The unemployment crisis isn't getting any better for the euro zone, the group of 17 European Union nations that have adopted the euro.
Unemployment in the euro zone crept up to 12.2 percent in April from 12.1 percent a month earlier and 11.2 percent last year. That means 19.4 million people are out of work, a record, according to official data released by Eurostat. Meanwhile, unemployment in the E.U. remained at 11 percent.
It's not a pretty picture:
But is there any hope the jobless rate in the euro zone will turn this around? Quartz doesn't see much in the near future:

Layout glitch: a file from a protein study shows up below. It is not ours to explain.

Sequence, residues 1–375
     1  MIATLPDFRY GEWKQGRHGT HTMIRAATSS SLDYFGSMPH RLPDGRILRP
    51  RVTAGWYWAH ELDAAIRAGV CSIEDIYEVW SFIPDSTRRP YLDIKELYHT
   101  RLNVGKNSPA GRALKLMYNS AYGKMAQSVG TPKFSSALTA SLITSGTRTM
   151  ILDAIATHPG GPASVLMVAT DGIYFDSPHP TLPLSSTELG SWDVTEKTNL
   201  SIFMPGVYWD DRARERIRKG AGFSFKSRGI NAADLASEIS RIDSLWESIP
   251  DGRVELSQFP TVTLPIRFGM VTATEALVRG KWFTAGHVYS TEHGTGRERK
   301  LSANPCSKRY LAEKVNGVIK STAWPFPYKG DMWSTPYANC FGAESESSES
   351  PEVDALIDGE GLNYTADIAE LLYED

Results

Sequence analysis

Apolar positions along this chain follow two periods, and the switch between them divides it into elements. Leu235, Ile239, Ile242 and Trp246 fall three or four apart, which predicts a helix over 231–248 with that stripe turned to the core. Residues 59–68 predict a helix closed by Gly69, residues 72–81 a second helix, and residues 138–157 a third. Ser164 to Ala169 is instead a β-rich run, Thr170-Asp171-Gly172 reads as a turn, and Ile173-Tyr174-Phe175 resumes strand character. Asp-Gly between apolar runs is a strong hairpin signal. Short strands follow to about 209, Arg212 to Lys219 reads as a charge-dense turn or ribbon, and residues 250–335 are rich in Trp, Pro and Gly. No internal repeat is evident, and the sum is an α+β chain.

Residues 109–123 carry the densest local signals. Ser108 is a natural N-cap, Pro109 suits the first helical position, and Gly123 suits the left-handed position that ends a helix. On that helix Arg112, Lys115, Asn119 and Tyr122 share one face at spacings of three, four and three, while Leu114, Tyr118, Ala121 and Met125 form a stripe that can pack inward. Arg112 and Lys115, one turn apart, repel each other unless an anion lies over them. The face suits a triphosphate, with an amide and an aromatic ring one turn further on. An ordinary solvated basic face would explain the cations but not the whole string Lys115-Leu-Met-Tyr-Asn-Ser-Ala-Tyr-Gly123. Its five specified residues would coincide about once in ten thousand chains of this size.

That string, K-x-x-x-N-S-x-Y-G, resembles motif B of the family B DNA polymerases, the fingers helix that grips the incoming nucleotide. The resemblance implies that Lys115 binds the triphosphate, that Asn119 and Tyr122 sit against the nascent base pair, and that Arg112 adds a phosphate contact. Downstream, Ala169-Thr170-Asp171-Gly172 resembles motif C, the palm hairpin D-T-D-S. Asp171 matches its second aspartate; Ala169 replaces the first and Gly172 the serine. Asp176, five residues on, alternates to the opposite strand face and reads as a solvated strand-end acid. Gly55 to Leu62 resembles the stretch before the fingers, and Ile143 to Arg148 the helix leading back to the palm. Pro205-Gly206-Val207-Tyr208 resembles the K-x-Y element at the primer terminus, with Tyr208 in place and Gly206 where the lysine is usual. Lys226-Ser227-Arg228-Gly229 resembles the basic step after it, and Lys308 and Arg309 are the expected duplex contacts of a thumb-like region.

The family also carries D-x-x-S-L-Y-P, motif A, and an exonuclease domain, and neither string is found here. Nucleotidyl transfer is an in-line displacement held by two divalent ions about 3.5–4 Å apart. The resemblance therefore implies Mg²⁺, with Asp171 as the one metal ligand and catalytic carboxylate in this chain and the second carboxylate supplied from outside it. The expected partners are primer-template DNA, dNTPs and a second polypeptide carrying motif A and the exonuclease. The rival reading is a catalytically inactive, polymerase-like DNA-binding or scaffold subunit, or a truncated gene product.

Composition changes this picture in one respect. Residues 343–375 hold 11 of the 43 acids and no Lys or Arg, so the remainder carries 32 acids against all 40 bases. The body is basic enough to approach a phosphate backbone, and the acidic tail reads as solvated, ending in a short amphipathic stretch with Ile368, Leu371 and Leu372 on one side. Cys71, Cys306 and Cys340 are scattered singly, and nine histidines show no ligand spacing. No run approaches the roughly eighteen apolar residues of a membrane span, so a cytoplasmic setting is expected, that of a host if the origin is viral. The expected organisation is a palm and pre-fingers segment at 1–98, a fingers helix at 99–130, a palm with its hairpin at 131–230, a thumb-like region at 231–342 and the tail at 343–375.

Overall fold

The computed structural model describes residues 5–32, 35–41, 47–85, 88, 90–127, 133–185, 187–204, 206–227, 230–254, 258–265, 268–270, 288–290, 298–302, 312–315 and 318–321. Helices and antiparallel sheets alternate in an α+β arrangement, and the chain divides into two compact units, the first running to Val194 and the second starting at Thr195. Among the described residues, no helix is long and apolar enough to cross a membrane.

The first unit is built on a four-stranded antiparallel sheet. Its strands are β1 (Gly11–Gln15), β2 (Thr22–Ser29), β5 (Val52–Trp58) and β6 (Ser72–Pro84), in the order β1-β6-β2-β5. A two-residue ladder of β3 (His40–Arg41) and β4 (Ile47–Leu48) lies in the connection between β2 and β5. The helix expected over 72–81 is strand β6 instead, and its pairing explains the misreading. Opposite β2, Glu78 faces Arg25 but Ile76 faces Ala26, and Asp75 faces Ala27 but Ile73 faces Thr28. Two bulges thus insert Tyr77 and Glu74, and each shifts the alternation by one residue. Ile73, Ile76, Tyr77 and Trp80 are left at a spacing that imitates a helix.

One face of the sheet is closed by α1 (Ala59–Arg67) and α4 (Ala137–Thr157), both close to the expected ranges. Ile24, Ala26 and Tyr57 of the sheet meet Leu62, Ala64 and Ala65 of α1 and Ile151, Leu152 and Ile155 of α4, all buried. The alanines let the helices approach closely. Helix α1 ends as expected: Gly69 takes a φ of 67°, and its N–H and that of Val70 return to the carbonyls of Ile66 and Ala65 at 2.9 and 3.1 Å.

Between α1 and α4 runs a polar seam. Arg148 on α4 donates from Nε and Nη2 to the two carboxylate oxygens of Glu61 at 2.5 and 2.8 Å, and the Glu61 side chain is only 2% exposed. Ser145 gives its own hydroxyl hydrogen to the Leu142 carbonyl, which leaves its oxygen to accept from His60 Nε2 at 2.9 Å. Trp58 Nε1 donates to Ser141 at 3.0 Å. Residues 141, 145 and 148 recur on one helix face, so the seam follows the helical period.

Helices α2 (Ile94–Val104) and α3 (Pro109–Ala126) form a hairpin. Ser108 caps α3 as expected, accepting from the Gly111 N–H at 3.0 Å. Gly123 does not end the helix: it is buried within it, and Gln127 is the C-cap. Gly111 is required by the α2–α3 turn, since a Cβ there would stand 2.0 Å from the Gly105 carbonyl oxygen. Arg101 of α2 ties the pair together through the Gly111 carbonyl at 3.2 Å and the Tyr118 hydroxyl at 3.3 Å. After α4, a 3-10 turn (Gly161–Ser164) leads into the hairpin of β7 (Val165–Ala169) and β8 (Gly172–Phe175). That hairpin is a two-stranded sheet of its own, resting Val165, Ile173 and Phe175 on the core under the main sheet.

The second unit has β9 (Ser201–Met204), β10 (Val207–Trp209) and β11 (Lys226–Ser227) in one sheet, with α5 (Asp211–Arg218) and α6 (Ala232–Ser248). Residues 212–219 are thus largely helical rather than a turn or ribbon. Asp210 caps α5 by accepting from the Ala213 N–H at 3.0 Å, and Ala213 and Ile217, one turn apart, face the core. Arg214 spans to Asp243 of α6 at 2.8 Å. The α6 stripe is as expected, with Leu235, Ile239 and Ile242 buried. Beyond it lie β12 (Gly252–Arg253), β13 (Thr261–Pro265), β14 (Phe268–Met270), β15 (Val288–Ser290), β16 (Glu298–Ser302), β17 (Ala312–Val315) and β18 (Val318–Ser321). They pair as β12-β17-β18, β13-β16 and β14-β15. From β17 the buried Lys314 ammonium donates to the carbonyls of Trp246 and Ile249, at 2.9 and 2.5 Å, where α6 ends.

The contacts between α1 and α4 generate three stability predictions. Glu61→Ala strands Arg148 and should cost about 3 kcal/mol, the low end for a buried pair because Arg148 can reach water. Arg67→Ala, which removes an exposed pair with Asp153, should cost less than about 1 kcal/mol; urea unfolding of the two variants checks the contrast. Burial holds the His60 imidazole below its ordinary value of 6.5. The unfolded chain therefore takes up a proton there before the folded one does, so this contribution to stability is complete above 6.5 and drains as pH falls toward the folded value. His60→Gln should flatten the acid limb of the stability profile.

What’s worse, the unemployment crisis is headed downhill. Carsten Brzeski, an economist with ING, told Reuters that the euro zone typically needs 1.5% GDP growth to generate new jobs. The OECD projects 0.6% growth. The IMF, meanwhile, projects a 0.3% contraction.
And, continuing with, young people are being hit hardest with youth unemployment continuing to rise. In the euro zone it's up to 24.4 percent and the E.U. is at 23.5 percent. Both are up from 22.6 percent last year.
Photo: Flickr/Organisation for Economic Co-operation and Develop
Graph via Eurostat
This post was originally published on Smartplanet.com